[ENet-discuss] Questioning a server without connecting to it
manu.n02 at laposte.net
Mon Jun 4 04:39:45 PDT 2012
At 18:01 29/05/2012, you wrote:
>That's interesting; you may have a lot of lag but still enough
>bandwidth to push through 60 input states per second.
>I can imagine with 500ms ping, the delay of moving a tennis player
>around can cause a miss when striking the ball.
>So how do you handle the moving tennis ball? Does it move the same
>(the same time) on both clients, or is there some sort of lag
>between what one client is seeing vs the other?
>Do you also send 60 pkt/sec with the ball position? I'd expect a lot
>of jerks when trying to update the ball like that; you'd need a bit
>of filtering to avoid timing issues and have a jittering ball on the screen.
There are 2 levels of processing : the input delay, and the prediction.
The game runs in parallel on both PCs, and basically, each game sees
the same than if both players were physically on the PC, playing with
2 gamepads (for example). So only the local input (pad direction &
fire buttons) is sent to the distant PC, from each PC. No other game
related information is sent (except at game start, to ensure the
initial states match on both PC ; and during the game some other
little infos are sent to know if the games are still in sync).
But as one player is distant, the trick to make it work is to delay
the local input until the distant input is received. This delay must
be fixed and cannot be different between the 2 PCs : this is the main
downside of this technique. It means if the fixed delay is under the
actual latency, then the game will pause and wait to receive the
distant input. You can adapt the delay to the conditions, though, but
it's not as easy & convenient than in a standard client/server
configuration as it must be done on both PCs on the exact same game frame.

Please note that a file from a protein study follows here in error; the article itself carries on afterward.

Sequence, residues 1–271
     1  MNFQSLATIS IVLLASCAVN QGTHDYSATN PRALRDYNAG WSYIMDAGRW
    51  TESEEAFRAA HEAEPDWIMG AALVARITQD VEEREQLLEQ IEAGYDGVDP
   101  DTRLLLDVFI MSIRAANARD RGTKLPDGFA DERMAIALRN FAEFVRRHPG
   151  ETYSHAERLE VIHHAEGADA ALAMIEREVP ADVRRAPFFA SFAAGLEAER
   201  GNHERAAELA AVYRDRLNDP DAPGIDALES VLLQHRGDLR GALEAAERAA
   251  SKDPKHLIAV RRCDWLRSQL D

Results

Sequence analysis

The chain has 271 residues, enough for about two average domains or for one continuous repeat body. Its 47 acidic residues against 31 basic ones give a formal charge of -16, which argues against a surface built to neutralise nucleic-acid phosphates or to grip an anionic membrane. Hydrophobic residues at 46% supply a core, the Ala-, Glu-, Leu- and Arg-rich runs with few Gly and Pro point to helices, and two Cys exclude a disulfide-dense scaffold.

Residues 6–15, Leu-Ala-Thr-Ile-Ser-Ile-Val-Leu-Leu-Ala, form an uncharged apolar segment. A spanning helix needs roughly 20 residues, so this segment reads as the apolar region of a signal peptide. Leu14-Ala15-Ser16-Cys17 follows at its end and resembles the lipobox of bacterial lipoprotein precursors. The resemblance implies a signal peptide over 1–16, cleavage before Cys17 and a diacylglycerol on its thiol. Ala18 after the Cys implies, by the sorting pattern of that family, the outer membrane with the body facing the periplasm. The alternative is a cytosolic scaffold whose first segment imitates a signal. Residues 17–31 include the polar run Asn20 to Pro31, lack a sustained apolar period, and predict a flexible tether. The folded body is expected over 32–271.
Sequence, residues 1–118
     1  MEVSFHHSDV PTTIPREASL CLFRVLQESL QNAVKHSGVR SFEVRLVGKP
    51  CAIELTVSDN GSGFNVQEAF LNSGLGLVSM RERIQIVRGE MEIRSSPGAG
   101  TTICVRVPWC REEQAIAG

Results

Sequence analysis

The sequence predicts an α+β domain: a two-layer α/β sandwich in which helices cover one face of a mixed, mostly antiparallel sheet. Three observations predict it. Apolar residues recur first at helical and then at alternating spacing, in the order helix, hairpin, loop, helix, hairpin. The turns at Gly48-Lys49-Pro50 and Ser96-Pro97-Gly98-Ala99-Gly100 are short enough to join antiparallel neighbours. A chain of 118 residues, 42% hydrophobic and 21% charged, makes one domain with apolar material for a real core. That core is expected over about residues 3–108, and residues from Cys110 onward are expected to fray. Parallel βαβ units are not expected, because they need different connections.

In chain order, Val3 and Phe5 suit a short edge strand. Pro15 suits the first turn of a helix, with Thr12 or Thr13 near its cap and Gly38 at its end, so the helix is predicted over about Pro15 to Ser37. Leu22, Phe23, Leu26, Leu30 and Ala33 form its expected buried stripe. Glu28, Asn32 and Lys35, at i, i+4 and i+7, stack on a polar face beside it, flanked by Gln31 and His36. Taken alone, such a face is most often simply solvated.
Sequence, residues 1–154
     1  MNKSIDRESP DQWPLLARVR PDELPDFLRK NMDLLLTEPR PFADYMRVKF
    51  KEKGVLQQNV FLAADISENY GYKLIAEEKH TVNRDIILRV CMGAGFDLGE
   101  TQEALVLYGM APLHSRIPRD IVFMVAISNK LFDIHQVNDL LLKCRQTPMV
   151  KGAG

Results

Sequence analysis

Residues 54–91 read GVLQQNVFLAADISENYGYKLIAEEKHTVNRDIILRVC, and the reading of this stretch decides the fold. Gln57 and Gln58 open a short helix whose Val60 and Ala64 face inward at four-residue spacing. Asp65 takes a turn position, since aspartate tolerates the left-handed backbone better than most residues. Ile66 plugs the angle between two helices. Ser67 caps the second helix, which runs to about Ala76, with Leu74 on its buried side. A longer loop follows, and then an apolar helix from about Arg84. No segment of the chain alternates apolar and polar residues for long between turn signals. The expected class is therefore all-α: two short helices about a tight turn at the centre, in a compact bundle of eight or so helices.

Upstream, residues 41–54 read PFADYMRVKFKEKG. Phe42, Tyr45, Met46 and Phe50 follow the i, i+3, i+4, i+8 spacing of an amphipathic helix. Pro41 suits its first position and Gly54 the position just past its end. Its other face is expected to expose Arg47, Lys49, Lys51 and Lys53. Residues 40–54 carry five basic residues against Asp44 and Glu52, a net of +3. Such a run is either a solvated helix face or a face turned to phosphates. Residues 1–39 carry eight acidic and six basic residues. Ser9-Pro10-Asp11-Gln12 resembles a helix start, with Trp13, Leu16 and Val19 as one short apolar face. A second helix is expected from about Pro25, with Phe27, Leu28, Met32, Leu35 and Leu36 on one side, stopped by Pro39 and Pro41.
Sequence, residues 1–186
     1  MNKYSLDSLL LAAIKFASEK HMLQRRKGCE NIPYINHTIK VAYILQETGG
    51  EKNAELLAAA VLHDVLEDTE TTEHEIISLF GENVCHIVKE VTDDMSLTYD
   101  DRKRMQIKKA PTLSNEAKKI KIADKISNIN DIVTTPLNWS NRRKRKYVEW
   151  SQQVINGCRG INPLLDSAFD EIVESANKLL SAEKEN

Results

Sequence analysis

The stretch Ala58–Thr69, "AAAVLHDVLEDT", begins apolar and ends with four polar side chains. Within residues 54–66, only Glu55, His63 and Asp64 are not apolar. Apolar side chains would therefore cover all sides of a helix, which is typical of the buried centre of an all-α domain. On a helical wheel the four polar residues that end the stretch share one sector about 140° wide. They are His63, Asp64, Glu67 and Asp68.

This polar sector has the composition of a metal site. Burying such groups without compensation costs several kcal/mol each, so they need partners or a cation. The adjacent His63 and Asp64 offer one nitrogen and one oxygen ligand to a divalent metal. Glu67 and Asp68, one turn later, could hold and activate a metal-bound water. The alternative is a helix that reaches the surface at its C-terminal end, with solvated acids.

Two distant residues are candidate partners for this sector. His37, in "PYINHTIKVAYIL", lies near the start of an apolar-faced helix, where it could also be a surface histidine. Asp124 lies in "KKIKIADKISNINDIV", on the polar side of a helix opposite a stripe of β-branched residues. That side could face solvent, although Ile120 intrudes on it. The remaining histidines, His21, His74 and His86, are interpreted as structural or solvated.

This technique is commonly used for RTS game network code (with some
variants), where the maximum number of players is not too high.
So at 500ms ping, that requires at least 250ms input delay to make
the game runs normally.
It means that your player starts to move 250ms after you actually
pressed the movement key. Which is totally unplayable... ;) I know
well because the game used to be only that, without prediction, and
the maximum enjoyable delay was around 100ms.
So above that, I added a prediction module.
It's always possible to predict our player movement, as all the local
input in stocked locally and can be used to know where our player will go.
We can predict a bit our opponent movement, by using any input packet
already arrived, and by predictable behavior (for example : he will
usually run to the ball), but this prediction can be wrong often, so
I can't push it too much, and I smooth the distant player's
coordinates over several frames to avoid jerkiness when prediction
went wrong ; so in average the perceived latency on the distant
player movement for the local gamer's eyes will be usually around
125ms. It's not great, but it's good enough to give an enjoyable
It's always possible to predict where the ball will go, as it's
deterministic, except after our opponent hits it, coz we won't know
for sure where he sent it before the next 250ms. So here, I need to
predict where the distant player will aim and as it's not always
possible to do it exactly, the ball will jerk sometimes a bit between
the wrongly predicted position and its real position that will be
known once all 250ms of input will be received.
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